Note: This is the first of a two-part series.
Dear Neil: Why do I always seem to choose distant and withdrawn men who cheat on me? This is my third straight relationship where chronic infidelity and too much distance have ruined things. Am I doing something wrong?
Confused and Angry, New York City
Dear Confused and Angry: Perhaps you are not setting effective boundaries in your relationships with men. A boundary is a limit or edge that defines you as separate from others.
Our skin marks the limit of our physical self, but we have other boundaries as well—emotional, spiritual, sexual and relational. If I let someone abuse me, or repeatedly act mean and hostile to me, or repeatedly cheat on me, I have not communicated what I will and will not tolerate effectively enough—or I am letting my boundaries get overrun.
We teach others where our boundaries are by the way we let them treat us. Most people will respect our boundaries if we indicate where they are. With some people, however, we must actively defend them.
Where are your boundaries? Do you know? What does your mate do to warn you away from private emotional territory? What do you do to communicate what is and is not acceptable in your relationship?
I set my emotional boundaries by choosing how I will let people treat me. One way I do this is by setting limits on what people can say to me. Another way is to limit their ability to control how I think, believe or feel. Setting emotional boundaries include deciding what relationships I’ll foster and continue, and what people I’ll back away from because I can’t trust them.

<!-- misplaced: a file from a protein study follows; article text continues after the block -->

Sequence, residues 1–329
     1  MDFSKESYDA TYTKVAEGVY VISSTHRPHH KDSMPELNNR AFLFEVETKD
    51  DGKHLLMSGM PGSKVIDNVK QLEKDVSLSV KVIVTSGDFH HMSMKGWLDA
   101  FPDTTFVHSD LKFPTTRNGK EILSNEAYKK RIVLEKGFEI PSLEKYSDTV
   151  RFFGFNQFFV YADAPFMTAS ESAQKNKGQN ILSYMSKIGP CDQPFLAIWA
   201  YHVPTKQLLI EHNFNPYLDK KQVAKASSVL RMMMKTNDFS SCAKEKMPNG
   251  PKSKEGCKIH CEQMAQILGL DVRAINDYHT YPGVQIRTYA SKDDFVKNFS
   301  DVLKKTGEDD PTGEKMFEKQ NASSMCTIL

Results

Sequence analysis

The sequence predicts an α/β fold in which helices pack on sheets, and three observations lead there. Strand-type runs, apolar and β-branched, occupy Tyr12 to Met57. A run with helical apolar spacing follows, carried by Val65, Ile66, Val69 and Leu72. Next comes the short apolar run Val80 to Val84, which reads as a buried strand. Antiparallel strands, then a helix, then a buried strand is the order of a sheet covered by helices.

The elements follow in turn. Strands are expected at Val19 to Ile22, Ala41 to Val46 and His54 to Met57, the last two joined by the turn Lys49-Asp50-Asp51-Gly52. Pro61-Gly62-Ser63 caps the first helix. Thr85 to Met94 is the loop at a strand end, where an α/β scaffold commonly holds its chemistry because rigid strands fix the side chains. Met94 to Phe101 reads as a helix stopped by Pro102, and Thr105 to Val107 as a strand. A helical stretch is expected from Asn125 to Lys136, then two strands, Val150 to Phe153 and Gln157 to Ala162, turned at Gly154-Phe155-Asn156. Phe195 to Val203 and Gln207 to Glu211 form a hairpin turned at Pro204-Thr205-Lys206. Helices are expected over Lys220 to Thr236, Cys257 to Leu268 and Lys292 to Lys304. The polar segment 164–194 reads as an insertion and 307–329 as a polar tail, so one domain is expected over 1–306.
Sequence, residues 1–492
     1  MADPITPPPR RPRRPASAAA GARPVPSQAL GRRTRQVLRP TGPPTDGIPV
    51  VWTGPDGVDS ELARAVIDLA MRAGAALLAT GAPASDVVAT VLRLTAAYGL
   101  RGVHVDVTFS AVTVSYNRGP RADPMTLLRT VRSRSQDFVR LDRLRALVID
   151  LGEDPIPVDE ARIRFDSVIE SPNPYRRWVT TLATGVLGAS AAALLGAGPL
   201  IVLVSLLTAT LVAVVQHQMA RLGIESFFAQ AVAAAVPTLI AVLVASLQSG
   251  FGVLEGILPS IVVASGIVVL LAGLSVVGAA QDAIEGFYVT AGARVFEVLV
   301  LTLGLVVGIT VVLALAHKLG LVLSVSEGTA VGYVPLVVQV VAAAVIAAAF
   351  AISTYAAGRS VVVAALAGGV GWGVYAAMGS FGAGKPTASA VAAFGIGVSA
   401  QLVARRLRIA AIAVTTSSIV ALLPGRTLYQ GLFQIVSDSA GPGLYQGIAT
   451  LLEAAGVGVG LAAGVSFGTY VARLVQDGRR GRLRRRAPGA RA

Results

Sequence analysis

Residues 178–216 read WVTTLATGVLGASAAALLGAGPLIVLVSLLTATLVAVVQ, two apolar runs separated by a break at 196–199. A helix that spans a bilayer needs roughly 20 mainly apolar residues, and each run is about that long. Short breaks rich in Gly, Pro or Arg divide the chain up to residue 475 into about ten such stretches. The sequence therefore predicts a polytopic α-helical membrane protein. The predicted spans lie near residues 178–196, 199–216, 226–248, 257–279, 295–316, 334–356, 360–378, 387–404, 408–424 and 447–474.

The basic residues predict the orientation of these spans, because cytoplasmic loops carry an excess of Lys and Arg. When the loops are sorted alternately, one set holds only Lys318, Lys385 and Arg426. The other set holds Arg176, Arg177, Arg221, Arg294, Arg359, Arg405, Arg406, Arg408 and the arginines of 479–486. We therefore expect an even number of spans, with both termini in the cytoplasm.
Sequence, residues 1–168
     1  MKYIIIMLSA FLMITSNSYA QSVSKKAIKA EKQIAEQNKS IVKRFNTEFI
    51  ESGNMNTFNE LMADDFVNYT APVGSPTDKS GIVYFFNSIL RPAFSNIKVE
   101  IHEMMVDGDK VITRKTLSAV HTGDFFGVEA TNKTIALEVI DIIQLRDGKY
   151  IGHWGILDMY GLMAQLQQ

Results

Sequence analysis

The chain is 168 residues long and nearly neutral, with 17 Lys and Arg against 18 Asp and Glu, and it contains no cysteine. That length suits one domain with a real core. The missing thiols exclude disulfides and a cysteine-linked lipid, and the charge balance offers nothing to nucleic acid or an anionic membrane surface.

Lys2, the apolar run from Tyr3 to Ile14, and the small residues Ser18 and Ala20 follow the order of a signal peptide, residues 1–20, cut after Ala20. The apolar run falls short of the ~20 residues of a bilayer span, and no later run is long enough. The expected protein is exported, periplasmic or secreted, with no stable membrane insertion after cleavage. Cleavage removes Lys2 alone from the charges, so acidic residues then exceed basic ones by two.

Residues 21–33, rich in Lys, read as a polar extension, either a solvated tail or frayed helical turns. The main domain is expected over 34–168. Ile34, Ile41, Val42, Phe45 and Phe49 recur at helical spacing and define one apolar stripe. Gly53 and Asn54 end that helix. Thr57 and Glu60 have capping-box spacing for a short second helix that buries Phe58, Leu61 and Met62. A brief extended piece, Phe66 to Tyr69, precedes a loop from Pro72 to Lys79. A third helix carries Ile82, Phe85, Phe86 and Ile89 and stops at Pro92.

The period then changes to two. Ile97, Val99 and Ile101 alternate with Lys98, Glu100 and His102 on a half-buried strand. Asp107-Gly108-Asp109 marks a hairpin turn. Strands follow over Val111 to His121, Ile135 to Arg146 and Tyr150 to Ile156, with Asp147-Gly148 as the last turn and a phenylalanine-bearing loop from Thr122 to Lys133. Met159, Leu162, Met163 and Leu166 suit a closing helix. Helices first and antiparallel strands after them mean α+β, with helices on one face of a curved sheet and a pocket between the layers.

To be healthy we must have clear physical and emotional boundaries. We must be able to defend ourselves physically by setting limits on how close we let people get, who touches us and how we are touched.
A person can set boundaries a great distance from his/her inner self. When this is the case, s/he will be isolated, have difficulty expressing confidences, and may have difficulty connecting with a spouse. S/he may have poor contact with inner feelings—and be unable to communicate them. S/he may interpret affection as intrusive, and interest as prying. S/he may feel easily smothered, and may be difficult to bond with.
Of course, a person with very close boundaries can marry someone with very distant boundaries. The power struggles between the efforts to draw the other closer—and the other’s efforts to resist being drawn closer—become the central issue in the relationship.
A partner’s whose boundaries are too flexible can be irritating at the least, and untrustworthy at the extreme. An inability to set limits can lead, for one thing, to inappropriate affection outside the relationship. A healthy boundary—clearly communicated—tells us that certain behaviors are inappropriate in the context of our relationships.
A whole person maintains a separate identity with boundaries rather than defenses. If we don’t have boundaries, we need defenses—such as withdrawal, control, sidetracking, blaming, rationalizing, intellectualizing, name calling, black-white thinking, threats, coldness, anger—all are handy ways to avoid feelings and to avoid truly communicating what you want. The healthy alternative is to state your true feelings, preferences and needs.
I will continue this discussion in next week’s column.
Source: Boundaries by Anne Katherine (Fireside).
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